Contributor (LCNAF)
  • Carey, Damien F.
Publisher Outdoor Nature Club
Date February 1999
Subject.Topical (LCSH)
  • Ornithology
Subject.Geographic (TGN)
  • Houston, Texas
Genre (AAT)
  • newsletters
  • periodicals
Language English
Type (DCMI)
  • Text
Original Item Location ID 2007-023, Box 13, Folder 1
ArchivesSpace URI /repositories/2/archival_objects/9884
Original Collection Outdoor Nature Club Records
Digital Collection Outdoor Nature Club Newsletters
Digital Collection URL http://digital.lib.uh.edu/collection/2007_023
Repository Special Collections, University of Houston Libraries
Repository URL http://libraries.uh.edu/branches/special-collections/
Use and Reproduction In Copyright
File Name index.cpd
Item Description
Title Image 2
Format (IMT)
  • image/jpeg
File Name uhlib_2007_023_b013_f001_002_002.jpg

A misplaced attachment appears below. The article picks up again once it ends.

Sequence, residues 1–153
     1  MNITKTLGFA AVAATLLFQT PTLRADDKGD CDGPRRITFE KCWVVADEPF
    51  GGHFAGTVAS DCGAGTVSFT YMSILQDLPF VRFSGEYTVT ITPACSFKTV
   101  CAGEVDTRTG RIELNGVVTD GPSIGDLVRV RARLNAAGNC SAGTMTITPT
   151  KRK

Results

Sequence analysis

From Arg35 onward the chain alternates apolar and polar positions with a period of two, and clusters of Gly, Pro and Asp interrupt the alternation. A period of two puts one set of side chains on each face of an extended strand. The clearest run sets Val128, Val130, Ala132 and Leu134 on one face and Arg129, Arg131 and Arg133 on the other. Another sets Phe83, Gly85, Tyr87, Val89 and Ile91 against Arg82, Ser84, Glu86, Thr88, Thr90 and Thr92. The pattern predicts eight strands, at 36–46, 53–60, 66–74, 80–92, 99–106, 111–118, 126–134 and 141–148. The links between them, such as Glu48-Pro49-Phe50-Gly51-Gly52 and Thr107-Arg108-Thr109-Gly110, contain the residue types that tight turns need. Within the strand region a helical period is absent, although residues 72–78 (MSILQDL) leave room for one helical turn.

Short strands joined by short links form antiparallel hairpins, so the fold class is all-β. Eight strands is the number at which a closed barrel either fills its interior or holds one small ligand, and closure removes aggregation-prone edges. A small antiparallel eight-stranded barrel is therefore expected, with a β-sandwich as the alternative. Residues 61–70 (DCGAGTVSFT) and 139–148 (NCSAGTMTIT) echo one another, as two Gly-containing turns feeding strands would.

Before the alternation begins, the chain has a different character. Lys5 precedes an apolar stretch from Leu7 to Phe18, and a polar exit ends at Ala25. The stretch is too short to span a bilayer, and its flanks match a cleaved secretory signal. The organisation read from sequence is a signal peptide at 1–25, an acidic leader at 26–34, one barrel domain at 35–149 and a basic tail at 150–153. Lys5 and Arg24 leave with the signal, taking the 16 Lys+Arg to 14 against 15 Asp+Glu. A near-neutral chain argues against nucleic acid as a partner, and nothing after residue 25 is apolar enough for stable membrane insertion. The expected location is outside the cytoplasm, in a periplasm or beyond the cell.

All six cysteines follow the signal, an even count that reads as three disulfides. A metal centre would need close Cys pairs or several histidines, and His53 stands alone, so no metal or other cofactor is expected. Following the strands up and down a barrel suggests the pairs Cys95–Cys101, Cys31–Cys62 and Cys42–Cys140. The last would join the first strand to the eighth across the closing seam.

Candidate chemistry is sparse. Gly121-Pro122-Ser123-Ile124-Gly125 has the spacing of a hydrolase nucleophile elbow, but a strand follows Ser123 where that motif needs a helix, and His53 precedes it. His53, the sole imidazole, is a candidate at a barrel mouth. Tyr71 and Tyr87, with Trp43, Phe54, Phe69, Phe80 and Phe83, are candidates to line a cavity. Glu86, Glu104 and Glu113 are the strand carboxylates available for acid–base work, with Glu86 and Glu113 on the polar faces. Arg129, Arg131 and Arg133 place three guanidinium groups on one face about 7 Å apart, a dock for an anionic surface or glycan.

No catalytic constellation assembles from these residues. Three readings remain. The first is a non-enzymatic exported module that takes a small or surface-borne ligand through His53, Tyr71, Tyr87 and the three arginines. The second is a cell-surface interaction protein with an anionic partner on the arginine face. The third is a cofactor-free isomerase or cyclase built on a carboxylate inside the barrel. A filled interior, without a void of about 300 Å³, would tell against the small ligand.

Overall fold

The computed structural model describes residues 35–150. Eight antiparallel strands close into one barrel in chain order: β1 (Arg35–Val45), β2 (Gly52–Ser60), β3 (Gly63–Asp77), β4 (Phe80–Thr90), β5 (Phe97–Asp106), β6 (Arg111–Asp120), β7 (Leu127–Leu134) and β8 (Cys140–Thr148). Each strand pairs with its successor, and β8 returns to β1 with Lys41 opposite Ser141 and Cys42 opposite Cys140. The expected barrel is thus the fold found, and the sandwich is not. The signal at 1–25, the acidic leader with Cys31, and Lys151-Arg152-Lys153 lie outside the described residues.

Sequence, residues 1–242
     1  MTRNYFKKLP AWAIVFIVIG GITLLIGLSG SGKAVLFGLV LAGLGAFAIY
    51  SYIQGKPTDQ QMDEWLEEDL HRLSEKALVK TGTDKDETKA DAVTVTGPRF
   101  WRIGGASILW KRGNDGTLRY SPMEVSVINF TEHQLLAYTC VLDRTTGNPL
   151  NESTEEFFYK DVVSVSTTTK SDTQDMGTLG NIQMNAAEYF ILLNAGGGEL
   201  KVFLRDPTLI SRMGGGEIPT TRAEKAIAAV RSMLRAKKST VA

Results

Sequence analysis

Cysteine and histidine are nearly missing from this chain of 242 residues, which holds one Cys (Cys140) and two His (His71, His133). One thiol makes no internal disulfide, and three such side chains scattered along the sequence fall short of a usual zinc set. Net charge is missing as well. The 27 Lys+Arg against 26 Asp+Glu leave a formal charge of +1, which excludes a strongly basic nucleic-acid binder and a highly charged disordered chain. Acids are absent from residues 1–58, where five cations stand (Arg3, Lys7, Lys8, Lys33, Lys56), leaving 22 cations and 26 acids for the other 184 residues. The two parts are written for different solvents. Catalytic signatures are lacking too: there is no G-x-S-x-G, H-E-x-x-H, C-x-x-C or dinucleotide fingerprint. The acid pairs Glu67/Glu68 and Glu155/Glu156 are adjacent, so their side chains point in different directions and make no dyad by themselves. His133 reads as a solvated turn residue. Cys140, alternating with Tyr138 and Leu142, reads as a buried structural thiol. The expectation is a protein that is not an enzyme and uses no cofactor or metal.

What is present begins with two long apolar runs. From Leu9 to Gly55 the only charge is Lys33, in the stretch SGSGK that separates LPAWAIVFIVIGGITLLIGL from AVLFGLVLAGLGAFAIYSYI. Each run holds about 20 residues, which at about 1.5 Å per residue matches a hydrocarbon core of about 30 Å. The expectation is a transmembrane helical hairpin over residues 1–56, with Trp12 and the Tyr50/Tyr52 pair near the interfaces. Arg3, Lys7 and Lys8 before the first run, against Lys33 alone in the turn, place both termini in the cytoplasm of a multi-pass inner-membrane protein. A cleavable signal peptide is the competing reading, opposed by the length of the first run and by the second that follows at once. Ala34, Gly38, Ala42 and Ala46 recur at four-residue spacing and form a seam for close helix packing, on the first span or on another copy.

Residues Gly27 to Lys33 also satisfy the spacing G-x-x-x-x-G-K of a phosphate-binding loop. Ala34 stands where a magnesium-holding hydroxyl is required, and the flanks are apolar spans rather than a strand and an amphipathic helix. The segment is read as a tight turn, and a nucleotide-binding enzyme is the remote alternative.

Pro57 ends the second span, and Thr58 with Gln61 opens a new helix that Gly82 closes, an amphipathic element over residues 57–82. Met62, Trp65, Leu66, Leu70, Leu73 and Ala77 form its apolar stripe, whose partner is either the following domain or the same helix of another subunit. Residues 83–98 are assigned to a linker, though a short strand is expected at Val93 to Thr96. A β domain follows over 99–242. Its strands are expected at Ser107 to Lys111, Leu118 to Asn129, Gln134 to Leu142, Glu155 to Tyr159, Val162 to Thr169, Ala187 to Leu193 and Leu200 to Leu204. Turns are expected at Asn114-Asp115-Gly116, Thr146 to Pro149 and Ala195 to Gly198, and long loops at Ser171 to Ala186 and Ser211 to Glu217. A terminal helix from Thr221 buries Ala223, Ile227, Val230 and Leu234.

Transcript Ornithology Group H|| Chairman Vjce-Ch airman David Sarko_i (713) 520-5906 Treasurer LmCbert |||||||;778.17Q8. Spcretflty OPEN Program Coordinator David Bradford Learning Cor^ef C^fflfeitrajfir KipbOhrnaft ||||f|i) 579-7403 field Trip Coordmatjjjfif;' David $_rkozi (713) 520-5906 M^dr^ek Fiel^.^r^.^^rdina^jlli Sooay Fisher (281) 346-2354 Ctearmg House __DTK>RWAi<rr__D (713)520-5906 VforldWideWebSite http:// texsrebirding st mpUsnet-com/bog/ ilWjjsfilSlasiei; ||||§|||§avid Sarkozi dsarkozi(^__sh.net WMe Spoonbill Published by Ornithology Orutip Outdoor Natune dub P.O. Box 270894 Houston, TX 7727?-&85r4 !____& Dan-en Carey Pk»e & Fax $81) 361-4120 email: de@lringwoodcabfc.com Contributions io "The Spoonbill*' can be mailed, fased Qi|ipMedv".". The monthly deadline for timely fn- Ibtas-ti-a is t&* 15th tftnery twmtL The editor reserves tbe right to edit or tefosc submissions. ii|l swbmisssons should include tontact infamatioWJifrt the author and/or person, doing the submitting.* lit!!!! Please include as much ir_»_au_Jon as pos'ilili" ihout the source when submitting copyrighted material C_ftt_ci fee edt tor for assistailliiwlll News, Notes & Announcements Easy Money Partners in Flight, headed by Cliff Shackelford of Texas Parks and Wildlife, is conducting a 1999 Swallow-tailed Kite survey through the sponsorship of Temple-Inland Forest Surveys have been sent to the OG and are also available at most popular birding spots along the coast of Texas. A J500 reward is offered for finding a new, undisturbed, active STKI nest Details are in the survey. We would Hike to know about all STKIs seen, not just nest sites. At the end ofthe season a booklet showing all the sightings and statistics will be sent to all contributors. For information contact either of the following Gael Simons, lsimons@inetportcom and (512) 892-2518 or Cliff Shackelford, Clifford.shackelford@tpwd.state.tx.us and (512) 389-4970. Try This At Home Researchers say ducks are capable of what teachers and bosses have suspected of the rest of us — sleeping with one eye open. After putting their ducks in a row, and videotaping them, researchers found mallards on the end of each, row spent more time asleep with one eye open, apparently looking for predators. The more the ducks felt threatened, the more they slept with one eye open, said lead author Niels C. Rattenborg, a graduate student at Indiana State University, Terre Haute. "The unique aspect is not that they do it, but that they control it" Rattenborg said. "When they sleep at the edge of a group they tend to perceive greater risk, so they spend more time sleepingwith one half of their brain." Ducks with one eye open were still awake enough to detect predators, said the authors ofthe study, which appears in the journal Nature. Researchers studied four groups of four ducks held in plastic boxes, which were arranged in a row. Ducks on the end were found to sleep with one eye open 31.8 percent ofthe rime, compared to 12.4 percent ofthe time for ducks in the central position. Also, ducks in the center did not open one eye more than the other, while ducks on each end kept the eye facing away from the group open 86.2 percent of die time. Brain wave readings of the ducks showed that the half of the brain receiving signals from the closedeye indicated that half of the brain was sleeping. Signals from the half of the brain receiving signals from the open eye showed a state between fully awake and asleep. Rattenborg said other animals, such as dolphins and other aquatic mammals show the ability to sleep with half their brains. Other experts argue that those animals aren't really sleeping at times when their eye is open. Dr. David F. Dinges, director of sleep and chronobiology studies at the University of Pennsylvania School of Medicine, said the findings are important, but should be duplicated. "If you said to many people, how would you like to sleep one hemisphere at a time wrule the other half of the brain works, most would jump at it," Dinges said. "But we don't know the quality ofthe duck's consciousness. We don't know what the restorative potential of that sleep is." AP Newswire February 3, 1999 Copyright AP On-Une, 1999 Not So Good News in the Duck's This article first Unlimited magazine. The U.S. Army Corps of Engineers is asking waterfowlers and other outdoor enthusiasts to track the spread of a new disease afflicting bald eagles and coots. Coot and Eagle Brain Lesion Syndrome (CEBLS), which has killed at least 58 bald eagles to date, was first discovered in 1994 at DeGray Lake near Arkadelphia, Arkansas. The disease quickly spread to eagles on Lake Ouiachita and Hamilton near Hot Springs, Arkansas, and was discovered in coots at private lakes in Georgia and North Carolina last winter. Afflicted birds display impaired motor function, such as bobbing, weaving, and